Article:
‘Loner’ image out: For teens, video games often social
Those who played games with a civic component to them were actually more likely to engage in such activities, a new report finds.
Breaking news: Teens play video games. A lot.
But it might not always be so bad for them.
That’s one conclusion of a new report examining teens’ gaming habits, socializing, and civic engagement.
While the study found that 99 percent of teenage boys and 94 percent of teenage girls play video games, it didn’t find that those who very frequently played games were more socially isolated or less likely to participate in civic activities.
Those who played games with a civic component to them were actually more likely to engage in such activities.
“It matters what kind of game you play more than how long you play it,” says Amanda Lenhart, a senior research specialist at the Pew Internet & American Life Project and a coauthor of the report, which was released Tuesday. “There’s a debate about gaming ... that is quite polarized.... The intention behind this report is to open up and put some numbers behind some of these questions about games.”
To start, those numbers make it clear that video and computer games have become a standard part of most adolescents’ lives. Not only do nearly all teens play them, but nearly one-third of teens play games every day, and an additional 21 percent play games three to five days a week.
While boys reported playing slightly more often and for longer periods of time than girls, there was little difference of any kind when it came to ethnicity or income.
And the researchers found no basis for one of the frequent criticisms of gaming, that kids who play video games are loners who are socially isolated. In fact, they discovered, three-quarters of all teens play games with others at least some of the time, and about half play with friends they know from their offline lives. Daily gamers were just as likely to communicate with their friends and spend time with them face to face as their peers who don’t play games often.
Parker Seagren, a sophomore in Barrington, Ill., says that about 80 percent of the time he plays games – usually Xbox games like “Halo 3,” “Gears of War,” or sports simulations – he plays with friends from school, either in person or connected virtually. “I don’t think playing video games really affects kids that much,” he says, though he notes that his own game-playing goes down during the school year when he’s busy with school and sports.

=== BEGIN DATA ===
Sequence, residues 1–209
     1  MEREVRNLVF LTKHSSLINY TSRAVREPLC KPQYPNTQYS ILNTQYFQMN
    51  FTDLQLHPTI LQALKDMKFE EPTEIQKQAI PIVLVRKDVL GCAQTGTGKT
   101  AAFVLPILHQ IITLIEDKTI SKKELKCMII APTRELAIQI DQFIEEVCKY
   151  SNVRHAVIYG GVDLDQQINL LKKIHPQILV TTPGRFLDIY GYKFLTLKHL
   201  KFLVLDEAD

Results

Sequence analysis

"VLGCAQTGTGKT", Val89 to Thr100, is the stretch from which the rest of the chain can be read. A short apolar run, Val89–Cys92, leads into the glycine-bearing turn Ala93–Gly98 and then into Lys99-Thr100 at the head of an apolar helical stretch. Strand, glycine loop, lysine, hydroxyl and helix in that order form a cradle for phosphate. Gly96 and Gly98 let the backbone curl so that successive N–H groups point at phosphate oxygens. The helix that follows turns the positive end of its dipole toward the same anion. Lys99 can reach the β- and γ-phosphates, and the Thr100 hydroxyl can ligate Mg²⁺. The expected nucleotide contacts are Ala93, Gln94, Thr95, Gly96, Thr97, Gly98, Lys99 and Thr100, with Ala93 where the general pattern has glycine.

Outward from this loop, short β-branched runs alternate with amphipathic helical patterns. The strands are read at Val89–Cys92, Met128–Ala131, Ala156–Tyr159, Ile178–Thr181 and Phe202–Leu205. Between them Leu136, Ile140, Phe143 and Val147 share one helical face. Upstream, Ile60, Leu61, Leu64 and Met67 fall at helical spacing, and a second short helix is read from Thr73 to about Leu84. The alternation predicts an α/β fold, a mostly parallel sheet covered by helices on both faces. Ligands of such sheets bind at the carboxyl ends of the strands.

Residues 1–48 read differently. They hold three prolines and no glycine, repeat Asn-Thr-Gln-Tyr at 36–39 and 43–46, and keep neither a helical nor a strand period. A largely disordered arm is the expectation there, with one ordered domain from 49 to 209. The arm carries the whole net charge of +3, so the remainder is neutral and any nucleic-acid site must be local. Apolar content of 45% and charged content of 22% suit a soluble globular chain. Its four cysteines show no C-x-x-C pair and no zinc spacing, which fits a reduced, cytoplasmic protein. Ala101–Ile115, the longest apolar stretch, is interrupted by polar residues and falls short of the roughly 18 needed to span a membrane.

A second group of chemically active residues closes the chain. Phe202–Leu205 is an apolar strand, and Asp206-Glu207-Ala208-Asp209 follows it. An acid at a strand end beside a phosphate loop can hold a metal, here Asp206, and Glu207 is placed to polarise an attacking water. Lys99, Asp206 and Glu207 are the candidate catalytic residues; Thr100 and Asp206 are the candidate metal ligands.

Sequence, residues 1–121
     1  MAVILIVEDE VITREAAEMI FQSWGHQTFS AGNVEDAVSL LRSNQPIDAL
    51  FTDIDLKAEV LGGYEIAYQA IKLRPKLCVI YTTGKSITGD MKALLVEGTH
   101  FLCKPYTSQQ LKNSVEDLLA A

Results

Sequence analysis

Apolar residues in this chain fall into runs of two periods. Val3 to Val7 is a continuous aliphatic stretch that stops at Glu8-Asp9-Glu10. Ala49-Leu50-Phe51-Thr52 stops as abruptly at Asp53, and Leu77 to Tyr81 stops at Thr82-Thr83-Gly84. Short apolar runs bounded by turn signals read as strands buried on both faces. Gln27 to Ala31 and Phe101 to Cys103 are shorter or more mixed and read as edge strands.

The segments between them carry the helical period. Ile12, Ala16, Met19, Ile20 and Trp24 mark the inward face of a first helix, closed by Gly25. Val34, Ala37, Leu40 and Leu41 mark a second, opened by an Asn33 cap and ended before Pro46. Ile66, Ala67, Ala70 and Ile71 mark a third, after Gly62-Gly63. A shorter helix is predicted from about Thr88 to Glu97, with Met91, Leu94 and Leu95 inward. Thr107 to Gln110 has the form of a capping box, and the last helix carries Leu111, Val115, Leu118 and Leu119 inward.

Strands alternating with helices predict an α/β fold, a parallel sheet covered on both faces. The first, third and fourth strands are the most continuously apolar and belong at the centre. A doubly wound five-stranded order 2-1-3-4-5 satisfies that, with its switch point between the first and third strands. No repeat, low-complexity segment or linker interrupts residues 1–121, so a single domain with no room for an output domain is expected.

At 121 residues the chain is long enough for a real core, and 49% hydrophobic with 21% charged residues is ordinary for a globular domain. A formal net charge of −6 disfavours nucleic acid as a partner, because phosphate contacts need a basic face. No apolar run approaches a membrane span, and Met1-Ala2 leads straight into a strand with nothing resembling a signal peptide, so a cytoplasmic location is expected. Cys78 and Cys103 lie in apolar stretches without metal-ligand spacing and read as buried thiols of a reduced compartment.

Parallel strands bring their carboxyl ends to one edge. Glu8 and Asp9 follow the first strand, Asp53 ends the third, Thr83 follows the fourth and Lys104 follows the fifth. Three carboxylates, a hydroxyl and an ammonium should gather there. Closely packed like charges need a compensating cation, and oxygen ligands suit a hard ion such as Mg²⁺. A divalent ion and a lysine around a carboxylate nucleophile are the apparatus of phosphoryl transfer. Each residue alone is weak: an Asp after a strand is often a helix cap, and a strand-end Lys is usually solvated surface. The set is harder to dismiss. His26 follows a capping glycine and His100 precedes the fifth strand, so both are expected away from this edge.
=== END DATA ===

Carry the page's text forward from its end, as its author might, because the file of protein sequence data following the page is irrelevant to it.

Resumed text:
Still, critics have been quick to target video games, in particular, as related to a variety of teenage problems, from obesity and reduced attention spans to antisocial behavior and violence.
Some parents say it was hard for them to accept gaming as an acceptable activity, especially since it’s not a medium they used much as kids.
“My first reaction was, ‘I don’t understand it,’ ” says Jeffrey Wiener, a father of 9- and 12-year old boys in New York and director of a company that helps develop educational games. But at a certain point, he says, he realized that what his sons were doing wasn’t all that different from the time he spent with friends running around in the yard with their hands in the air shooting at each other and taking on various roles.
“They’re doing virtually exactly what I did as a boy,” he says. “The gaming world is now a natural part of their playtime.”
In particular, Mr. Wiener says, he’s come to appreciate the social-networking nature of some of the games his sons play. He began noticing that his 12-year-old son, Zach, was playing with his cousin, whom he rarely got to see in real life. In “Halo” and other games, “there’s this collaborative teaming that takes place,” Wiener says. “The games now are ones where teamwork and narrative are more a part of them.”
Still, Wiener sets limits. Games like “Grand Theft Auto,” which he sees as celebrating the killing of people just for the sake of chaos, are out. And he questions the value of something like “Guitar Hero,” where kids spend a lot of time simulating playing the guitar, rather than learning an actual musical instrument.
Games’ content, in fact, may make a difference, say the authors of the Pew report. One goal of the study was to find out what correlation, if any, there was between frequent game-playing and civic behavior.
While the study found that the quantity of gaming seemed to have no effect on kids’ civic involvement, they did identify certain “civic gaming experiences.” Some games encourage mentorship and teamwork between players, have players learn about a social issue like famine or the environment, or force them to make moral and ethical decisions. In others – like “SimCity” or “Civilization” – players have to make decisions about how a community or nation should be run.
The kids who frequently have these sort of experiences are much more engaged civically and politically than their peers, reporting greater interest and involvement in politics, volunteer activities, and raising money for charity.
The researchers emphasize that the correlation doesn’t demonstrate causality: Kids naturally inclined to be civically involved, for instance, might seek out more civic-minded gaming experiences. But the correlation, researchers say, does raise interesting questions about the ways parents, educators, and game developers can tap into the variety of games and encourage more positive experiences.
“The incredible diversity of gaming opportunities out there means we need to think in more nuanced ways about what kids are doing and what the effects of those experiences might be,” says Joseph Kahne, dean of Mills College’s School of Education in Oakland, Calif., and a coauthor of the report. “To the extent we get locked into a ‘games are good’ or ‘games are bad’ framework, we’re not going to be able to offer useful advice or guidance to parents. We’re going to be shutting everything down or opening everything up.”